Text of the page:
Boston Takes on Climate Change
This article is copublished with the American Planning Association’s Planning magazine.
After a severe winter storm in 2018, a dumpster broke free of its moorings in Boston's warehouse district, and started floating, almost serenely, down a flooded street. Someone captured the scene on video and it went viral, prompting headlines that the rapidly developing area should be renamed the "Inundation District."
For the planners, engineers, and others in eastern Massachusetts who have been working to prepare for the inevitable impacts of climate change—a projected 40 inches of sea level rise, and the creeping storm surge and high-tide flooding that comes with it—there have been no shortage of such omens. The constant reminders of a wetter future suggest a race against time for a place rated the 8th most vulnerable among coastal cities worldwide, in the company of New York, New Orleans, and Miami.
While reducing carbon emissions is ongoing — Massachusetts recently passed a climate bill with firm net-zero limits for 2030 and beyond — the business of building resilience has been a priority for Boston and surrounding communities for the last several years. The looming crisis is made clear in maps projecting flooding over low-lying areas and all the extensive filling of tidal flats and marshes and other land creation that has been done over centuries. Without action, thousands of acres could be underwater, destroying homes and businesses in a terrifying transformation of the metropolitan region.
The work has been, by necessity, at the local level, without a federal organizational framework, guidance, or funding for the last four years. "With the absence of the federal government, cities like Boston have really had to step up and chart their own path in climate planning and climate resilience," says Deanna Moran, AICP, director of environmental planning at the Conservation Law Foundation. That has meant doing careful measurement of where the flood paths are and what neighborhoods are most vulnerable, which has helped establish a detailed blueprint for targeted interventions. (Indeed, Boston is hardly alone, as is noted in APA's Climate Change Policy Guide. "Planners have the expertise, perspectives, and skills to lead the local and regional responses to the climate crisis — but require federal and state action to amplify local planning efforts.")
Now, with the COVID stimulus bill and another $2 trillion infrastructure package being debated in Washington, the Boston region finds itself at a pivotal moment. Funding for large-scale measures may be on the way, but that has also ratcheted up the pressure to make the right choices for effective and long-lasting protection. Confronting sea level rise here has become an extraordinary puzzle of private development, government regulation, concerns about equity, and the prospect of some areas being restored to a natural state, ultimately requiring people and places to relocate.
Years in the making
Like many coastal communities under threat, Boston has gone through early iterations of what to do, including a giant barrier stretching from Hull in the south to Winthrop in the north, protecting Boston Harbor. A 2018 study concluded the $9 billion proposal would not be cost-effective. Design competitions run by the Boston Society of Architects and the Urban Land Institute have also produced futuristic schemes like turning Back Bay streets into canals.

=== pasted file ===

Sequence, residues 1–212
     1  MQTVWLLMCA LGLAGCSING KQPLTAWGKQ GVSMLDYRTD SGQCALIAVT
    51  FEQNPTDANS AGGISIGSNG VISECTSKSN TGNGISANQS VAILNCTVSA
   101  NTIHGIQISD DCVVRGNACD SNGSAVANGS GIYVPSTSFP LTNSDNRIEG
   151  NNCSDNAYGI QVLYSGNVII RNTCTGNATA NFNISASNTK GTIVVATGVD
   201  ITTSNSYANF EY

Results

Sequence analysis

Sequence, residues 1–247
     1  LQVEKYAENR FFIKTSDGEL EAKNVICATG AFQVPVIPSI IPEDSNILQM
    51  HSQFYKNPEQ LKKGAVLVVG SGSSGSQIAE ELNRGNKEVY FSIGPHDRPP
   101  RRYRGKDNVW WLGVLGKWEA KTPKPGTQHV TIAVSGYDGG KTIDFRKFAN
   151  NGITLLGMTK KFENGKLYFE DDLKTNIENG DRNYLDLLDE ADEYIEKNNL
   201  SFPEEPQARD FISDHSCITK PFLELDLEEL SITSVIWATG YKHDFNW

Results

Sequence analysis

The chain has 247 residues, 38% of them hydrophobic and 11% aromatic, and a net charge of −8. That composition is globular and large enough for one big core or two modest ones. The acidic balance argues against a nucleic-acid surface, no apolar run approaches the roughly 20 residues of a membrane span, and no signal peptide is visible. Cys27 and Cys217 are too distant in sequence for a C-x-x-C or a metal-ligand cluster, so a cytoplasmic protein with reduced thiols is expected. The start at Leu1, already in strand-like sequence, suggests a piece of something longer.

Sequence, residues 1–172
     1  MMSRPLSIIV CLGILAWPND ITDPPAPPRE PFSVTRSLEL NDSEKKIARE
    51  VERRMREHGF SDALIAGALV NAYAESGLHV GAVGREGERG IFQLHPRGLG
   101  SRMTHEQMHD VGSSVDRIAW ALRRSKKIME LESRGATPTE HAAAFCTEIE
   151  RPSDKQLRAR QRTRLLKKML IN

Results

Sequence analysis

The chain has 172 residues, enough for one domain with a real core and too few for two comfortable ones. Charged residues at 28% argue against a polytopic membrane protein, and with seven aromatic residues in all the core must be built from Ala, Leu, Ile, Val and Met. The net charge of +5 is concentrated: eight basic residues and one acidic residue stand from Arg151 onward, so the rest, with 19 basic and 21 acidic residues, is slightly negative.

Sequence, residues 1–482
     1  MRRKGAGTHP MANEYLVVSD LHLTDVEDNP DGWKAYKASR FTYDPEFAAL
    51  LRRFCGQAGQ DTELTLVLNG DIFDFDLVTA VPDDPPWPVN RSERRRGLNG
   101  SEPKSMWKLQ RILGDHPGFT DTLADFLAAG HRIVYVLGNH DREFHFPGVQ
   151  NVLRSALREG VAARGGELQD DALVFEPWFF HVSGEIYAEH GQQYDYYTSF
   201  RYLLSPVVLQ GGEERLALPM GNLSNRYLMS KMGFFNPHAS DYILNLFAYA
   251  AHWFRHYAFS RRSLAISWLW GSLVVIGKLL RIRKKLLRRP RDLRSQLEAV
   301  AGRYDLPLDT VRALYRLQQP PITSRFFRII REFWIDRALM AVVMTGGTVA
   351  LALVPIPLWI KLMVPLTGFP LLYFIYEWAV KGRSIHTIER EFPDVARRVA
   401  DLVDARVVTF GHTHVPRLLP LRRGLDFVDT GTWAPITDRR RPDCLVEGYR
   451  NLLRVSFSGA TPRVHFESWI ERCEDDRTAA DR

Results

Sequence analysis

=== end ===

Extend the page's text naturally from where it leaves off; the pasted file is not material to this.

The search for innovative solutions continues still in the spirit of trial and error, but much of the work has settled into more down-to-earth measures: raising streets, building berms and barriers, and putting in emergency flood gates that can be deployed before a storm, for example—all based on a more precise knowledge of where the water actually goes, when it penetrates the inlets and low-lying areas in the most flood-prone areas.
Boston has already overhauled parks in the Seaport and the North End, to protect recreational facilities by giving the water different places to go. A similar approach is envisioned at Joe Moakley Park in South Boston, set to be protected by a long berm and sand dunes along the nearby beach, as a first line of defense; beyond that, flooding will be managed through a kind of re-ordering of land forms, steadily rising in elevation like a series of terraces. The playing fields can absorb some water, but the goal is to keep them as functional open space.
In addition, zoning, building codes and guidelines, and other land-use regulations are being adjusted to encourage floodable basements and parking garages, and moving mechanicals to higher elevations. Boston published a draft of Coastal Flood Resilience Design Guidelines in 2019 to begin to tackle better building design—although in terms of strict rules, local governments can't exceed the statewide building code. Developers are also being asked to pitch in by recreating natural systems that act like a sponge, seen in the living shoreline experiment adjacent to the luxury residential development Clippership Wharf in East Boston.
Flooding knows no boundaries
Under the administration of Mayor Martin J. Walsh, who has since become U.S. labor secretary in the Biden administration, the city of Boston has led the way in climate adaptation, with the initiatives Resilient Boston Harbor, concentrating on 47 miles of shoreline, and the broader program Climate Ready Boston. (The Climate Ready Boston Report received a National Planning Achievement Award for Resilience — Gold from APA in 2019.) Yet it is readily apparent to everyone working in resilience that efforts need to be coordinated across multiple municipalities and coastal jurisdictions, since flooding doesn't care where the town line is.